The seventh episode of Downton revolves around Mary and her men, Edith and her baby, Bates’ anger, and Rose’s engagement — all set while Cora and the Crawleys prepare for the annual church bazaar. (How many of these things do they have in Yorkshire? In season one, there was a fair in the village; in season three, they all traveled to one in Thirsk. It feels like a summer in New York City, where there’s a street fair every weekend.) Oh and Robert comes home from America, having saved Harold from the clutches of the Teapot Dome Scandal.
An exchange between Tom and Mary over Tom not wearing tails to dinner when Violet will be there — “No, don’t change. It’s time she learned about the real world,” Mary says. “Well that’s a phrase with more than one definition,” he replies — encapsulates Sunday’s theme. They are all learning to live in a the “real world,” although it has many meanings. One where Mary has three men chasing after her. One where Edith is pregnant, and her intended paramour nowhere to be found. One where Rose wants to upset her family by marrying a black man. One where Anna has been raped and her husband wants revenge. But one where they still have to put on an idyllic fair for the estate workers and people who live in the village.
It’s clear Mary has become fond of Charles Blake. She even defends him to her grandmother. But Tony is around, lurking in the wings. He visits Downton, and tells Mary he plans to end his engagement to Miss Lane-Fox.
At dinner, Blake and Gillingham all but pull it on and lay themselves on the table to be measured over Mary. The tension is palpable, and the entire family pays close attention to the love square unfolding before their eyes. (Maybe I’m giving too much credit to Evelyn. It’s definitely more of a love triangle. Evelyn struggles to get any foothold he can with Mary, even telling Cora he would prefer to spend as much time at Downton as possible. Evelyn, you’re not going to make yourself happen.)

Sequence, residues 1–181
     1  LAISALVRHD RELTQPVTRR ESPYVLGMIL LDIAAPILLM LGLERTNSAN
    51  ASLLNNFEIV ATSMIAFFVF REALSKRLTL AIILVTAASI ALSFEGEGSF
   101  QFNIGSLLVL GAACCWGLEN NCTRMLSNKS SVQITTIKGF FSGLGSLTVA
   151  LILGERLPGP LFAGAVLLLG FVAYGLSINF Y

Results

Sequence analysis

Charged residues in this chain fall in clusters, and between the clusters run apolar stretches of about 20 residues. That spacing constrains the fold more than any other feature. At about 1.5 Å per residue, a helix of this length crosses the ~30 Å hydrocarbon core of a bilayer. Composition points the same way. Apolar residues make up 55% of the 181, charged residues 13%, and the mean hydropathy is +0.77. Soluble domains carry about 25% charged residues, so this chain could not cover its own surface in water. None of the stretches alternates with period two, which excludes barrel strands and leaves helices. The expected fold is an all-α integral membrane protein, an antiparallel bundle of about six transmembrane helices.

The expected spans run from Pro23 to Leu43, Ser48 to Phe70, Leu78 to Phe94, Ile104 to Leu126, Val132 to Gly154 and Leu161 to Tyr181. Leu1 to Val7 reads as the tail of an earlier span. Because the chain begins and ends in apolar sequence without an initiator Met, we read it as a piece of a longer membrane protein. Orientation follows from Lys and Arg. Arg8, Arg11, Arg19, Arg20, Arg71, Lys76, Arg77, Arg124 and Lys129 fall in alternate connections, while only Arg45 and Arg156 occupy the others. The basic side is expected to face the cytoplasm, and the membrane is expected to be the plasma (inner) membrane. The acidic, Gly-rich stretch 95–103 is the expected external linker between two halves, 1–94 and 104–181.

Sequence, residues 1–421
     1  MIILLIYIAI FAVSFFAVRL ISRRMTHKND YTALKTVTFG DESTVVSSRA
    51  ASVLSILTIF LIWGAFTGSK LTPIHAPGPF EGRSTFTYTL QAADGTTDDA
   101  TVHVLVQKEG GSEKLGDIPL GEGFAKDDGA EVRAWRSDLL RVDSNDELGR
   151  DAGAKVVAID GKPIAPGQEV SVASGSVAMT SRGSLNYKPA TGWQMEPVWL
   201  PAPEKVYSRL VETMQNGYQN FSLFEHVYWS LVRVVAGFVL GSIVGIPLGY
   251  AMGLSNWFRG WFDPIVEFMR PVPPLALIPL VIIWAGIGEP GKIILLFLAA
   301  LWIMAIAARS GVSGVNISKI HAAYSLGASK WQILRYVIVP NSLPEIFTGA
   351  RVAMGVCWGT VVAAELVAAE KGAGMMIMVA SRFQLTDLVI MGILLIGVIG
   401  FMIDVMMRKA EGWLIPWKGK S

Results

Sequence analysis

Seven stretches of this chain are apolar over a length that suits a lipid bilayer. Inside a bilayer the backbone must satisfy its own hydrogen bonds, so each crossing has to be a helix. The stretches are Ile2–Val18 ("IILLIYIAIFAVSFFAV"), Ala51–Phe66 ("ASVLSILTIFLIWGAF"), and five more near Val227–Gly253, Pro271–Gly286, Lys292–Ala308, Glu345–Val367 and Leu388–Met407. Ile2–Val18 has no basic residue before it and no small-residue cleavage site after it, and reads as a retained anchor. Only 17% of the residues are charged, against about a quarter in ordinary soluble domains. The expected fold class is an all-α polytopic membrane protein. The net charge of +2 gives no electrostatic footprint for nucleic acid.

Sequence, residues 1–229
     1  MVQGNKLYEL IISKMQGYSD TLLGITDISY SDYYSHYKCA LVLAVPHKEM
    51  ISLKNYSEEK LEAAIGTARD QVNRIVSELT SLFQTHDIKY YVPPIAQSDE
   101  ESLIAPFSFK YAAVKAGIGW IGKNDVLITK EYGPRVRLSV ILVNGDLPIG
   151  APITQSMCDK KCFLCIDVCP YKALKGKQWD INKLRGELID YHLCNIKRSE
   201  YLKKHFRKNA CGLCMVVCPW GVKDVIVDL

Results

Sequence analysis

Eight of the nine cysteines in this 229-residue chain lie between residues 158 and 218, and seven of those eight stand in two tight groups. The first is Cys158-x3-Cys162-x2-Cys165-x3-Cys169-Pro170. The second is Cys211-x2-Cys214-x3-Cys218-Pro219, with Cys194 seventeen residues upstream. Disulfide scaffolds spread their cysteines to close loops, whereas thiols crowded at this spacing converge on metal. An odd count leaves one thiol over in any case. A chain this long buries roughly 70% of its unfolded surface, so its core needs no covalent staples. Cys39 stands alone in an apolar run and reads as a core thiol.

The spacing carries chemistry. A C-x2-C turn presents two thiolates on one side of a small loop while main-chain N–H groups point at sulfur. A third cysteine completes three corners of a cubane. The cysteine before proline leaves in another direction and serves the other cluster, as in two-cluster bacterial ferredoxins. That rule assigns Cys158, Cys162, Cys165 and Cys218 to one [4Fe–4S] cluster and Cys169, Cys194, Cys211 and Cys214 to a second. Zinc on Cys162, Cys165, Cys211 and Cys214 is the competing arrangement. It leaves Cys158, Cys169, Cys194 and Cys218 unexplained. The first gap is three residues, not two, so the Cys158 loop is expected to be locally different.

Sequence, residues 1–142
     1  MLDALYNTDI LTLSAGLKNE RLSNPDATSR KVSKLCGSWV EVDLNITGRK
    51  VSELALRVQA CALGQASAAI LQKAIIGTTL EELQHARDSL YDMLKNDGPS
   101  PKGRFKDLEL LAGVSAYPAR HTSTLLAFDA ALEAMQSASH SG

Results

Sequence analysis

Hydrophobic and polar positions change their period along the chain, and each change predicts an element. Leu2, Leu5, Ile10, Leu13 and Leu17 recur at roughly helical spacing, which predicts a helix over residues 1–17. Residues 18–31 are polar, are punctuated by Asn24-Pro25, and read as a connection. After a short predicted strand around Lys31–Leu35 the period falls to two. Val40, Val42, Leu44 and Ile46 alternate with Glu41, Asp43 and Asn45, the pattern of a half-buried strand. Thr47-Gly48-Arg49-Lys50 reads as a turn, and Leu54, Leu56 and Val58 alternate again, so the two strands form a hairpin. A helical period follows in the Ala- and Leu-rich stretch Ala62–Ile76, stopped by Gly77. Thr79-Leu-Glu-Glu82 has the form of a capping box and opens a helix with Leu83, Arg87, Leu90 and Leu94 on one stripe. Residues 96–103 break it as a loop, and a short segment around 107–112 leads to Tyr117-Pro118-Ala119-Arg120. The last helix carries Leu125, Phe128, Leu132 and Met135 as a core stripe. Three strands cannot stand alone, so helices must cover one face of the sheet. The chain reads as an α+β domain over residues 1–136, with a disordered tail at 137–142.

After the three men take their leave from Downton, Mary is teased over her predicament.
“I’m sorry to see them go,” Cora begins.
“Not as sorry as Mary. What’s a group noun for suitors?” Rose asks.
“What do you think, a desire?” Cora says
“A desire of suitors. Very good.” Rosamund answers.
“If you’re going to talk nonsense, I have better things to do.” Mary reprimands. You know she loves the attention, grieving over Matthew or not.
The episode finishes at the bazaar. Both Blake and Gillingham have shown up, and Mary walks them to their car when the festivities have finished, with her family watching in delight — or confusion, in Robert’s case.
“What sort of menage has this turned into while I’ve been away?” Robert wonders aloud. Cora and Violet simply smirk, while Rose, Edith and Isobel do their best Sheryl Sandberg, leaning in to watch Mary, Charles and Tony.
Mary plays both men well, leaving no hint as to who she prefers. (Although personally, I’m Team Gillingham.) Would that we could all be Mary, who tells both Charles and Tony that she isn’t ready to be with anyone, and they both still chase her anyway. Maybe playing hard to get really is the way to go.
Meanwhile, Anna finally confesses to Mary that it was Mr. Green who raped her. Mary tries to keep Gillingham from visiting, but it’s too late, she cannot reach him.
Green arrives, as smug as ever. While the servants eat their dinner, Bates asks where in London Green lives with Gillingham. Uh oh.
Knowing that Anna will be in London with Mary, Bates asks Carson for the day off to visit York. We see him leave that morning, ominously walking away from the Abbey with a murderous look on his face. I don’t think he went to York.
While in London, Mary tells Anna that she’s going to tell Gillingham to fire Mr. Green. Anna balks at that suggestion. Marry assures her that Bates will never question Gillingham on why he has a new valet. Mary, don’t underestimate Bates.
Mary meets Tony for lunch, and tells him to fire Green. He agrees, but wants to know why. She says she cannot reveal the secret, only that he would find it horrible and agree that Green should go.
Back at Downton that same night, both Bates and Anna have returned. Carson remarks that Bates took his time in York. Anna looks worried. We are all worried, too.
The next day at the bazaar, Tony tells Mary that Green has been killed. He was pushed into the street and caught under a bus or a car. Mary runs to tell Anna, who freaks out a little bit. Anna asks Bates if he would ever do something to risk the life they have built together. He says of course he wouldn’t. But he totally killed Green, right?
NEXT: More thoughts and the Dowager’s best lines